Mortgage rates ticked lower yesterday after mortgage backed securities rallied on Tuesday. However, yesterday weakness in fixed income began to snowball and prices of mortgage-backed securities began to deteriorate. Unfortunately that weakness has carried over to today and mortgage rates have given back previous gains.  If you are looking for a clear explanation of why mortgage rates have bounced around a volatile range... READ THIS

Activity on the economic calendar picked up today. First to hit the wires this morning was Weekly Jobless Claims.  This report totals the number of Americans that filed for first time unemployment benefits in the prior week.  Also included in this report is the continuing claims which totals the number of Americans that continue to file due to lack of finding a new job.  Last week this data set reported surprisingly "better than expected" at 522,000 for first time claims while continuing claims fell 642,000 to a 6.273million.  This better than expected improvement in claims came with a  warning from the U.S. Department of Labor where they stated that the better the expected initial and continuing claims were affected by prior layoffs in the manufacturing sector, layoffs that are largely seasonal and that happened earlier than usual this year. 

Today's report indicated that first time claims for unemployment insurance increased by 30,000 to 554,000 from a revised reading of 524,000 last week. This print is basically in line with economist's expectations.  The continuing claims posted a small decline to 6.225 million following last week's revised reading of 6.313million which is slightly better than expected.  This report came with a similar warning as last week's report leading most to believe that initial claims should approach the 600,000 level in the weeks ahead.   The decline in continuing claims is also being affected by workers who have exhausted their benefits.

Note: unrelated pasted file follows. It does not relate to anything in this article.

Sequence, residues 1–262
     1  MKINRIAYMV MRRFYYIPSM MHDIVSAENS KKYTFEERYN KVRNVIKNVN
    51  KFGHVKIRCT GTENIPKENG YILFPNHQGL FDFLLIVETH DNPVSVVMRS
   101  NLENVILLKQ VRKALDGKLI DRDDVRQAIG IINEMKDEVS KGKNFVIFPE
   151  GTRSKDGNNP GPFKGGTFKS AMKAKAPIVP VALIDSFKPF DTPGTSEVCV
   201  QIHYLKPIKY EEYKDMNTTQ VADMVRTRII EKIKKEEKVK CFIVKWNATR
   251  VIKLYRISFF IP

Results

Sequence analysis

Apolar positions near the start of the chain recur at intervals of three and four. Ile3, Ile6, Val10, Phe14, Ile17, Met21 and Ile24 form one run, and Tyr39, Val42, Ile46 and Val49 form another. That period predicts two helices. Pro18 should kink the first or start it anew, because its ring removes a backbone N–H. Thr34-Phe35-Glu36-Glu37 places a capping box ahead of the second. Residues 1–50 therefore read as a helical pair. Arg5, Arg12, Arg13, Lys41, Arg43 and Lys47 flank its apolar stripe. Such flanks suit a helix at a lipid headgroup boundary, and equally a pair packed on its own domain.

The last data set for the day comes from the National Association of Realtors with the existing home sales report.   This report totals the number of existing homes  that sold during the prior month.  May's report indicated a 2.4% increase for the 3rd month in a row with increasing sales.   The better part of last month's report was that the supply of homes available for sale fell to a 9.6 month supply from 10.1 in April.   The report has shown continued improvement with a  annualized pace of 4.89 million following last month's pace of 4.77million.  This is in line with economist's expectations and no reaction from the markets. The NAR made special notes in the release, pointing out that HVCC was a major concern. READ FULL STORY

I have received some emails from readers regarding loan modifications.  A loan modification is when a lender changes the term of your existing loan by lowering the interest rate, lowering the balance owed or both.  Many consumers have taken advantage of this option.  Most of the time, the consumer would have to be delinquent on payments but many consumers who were not behind on payments felt left out.  So, the administration passed the Home Affordable Modification Plan which allowed homeowners that were not behind on payments to modify their current loan.  Sounds good, right?  One bit of information left out was what impact this would have on the consumers credit.  Here is an article from Bloomberg that goes into this topic.   If you have done a modification or are looking into one currently, you might want to consider the impact on your FICO score.

Because prices of mortgage-backed securities have continued to fall this morning, several lenders have already repriced for the worse.  This puts the par 30 year conventional rate mortgage in the 5.000% to 5.250% range for the most qualified consumers.  In order to qualify you must have a FICO credit score of 740 or higher, a loan to value of 80% or less and pay all closing costs including 1 point loan origination/discount/broker fee. 

If you are considering locking vs. floating your interest rate. READ THIS BLOG POST for logical guidance.

Remember the entire marketplace is trading in a very volatile manner as participants are awaiting further direction. It is quite possible that sentiment could go in either direction, if the bias happens to not favor the fixed income sector, mortgage rates would move higher.   Things can change quickly and past history has shown that each time rates have fallen below 5%, they did not stay there very long. 

Matt and AQ will keep you posted on intraday mortgage rate activity on the MBS Commentary blog.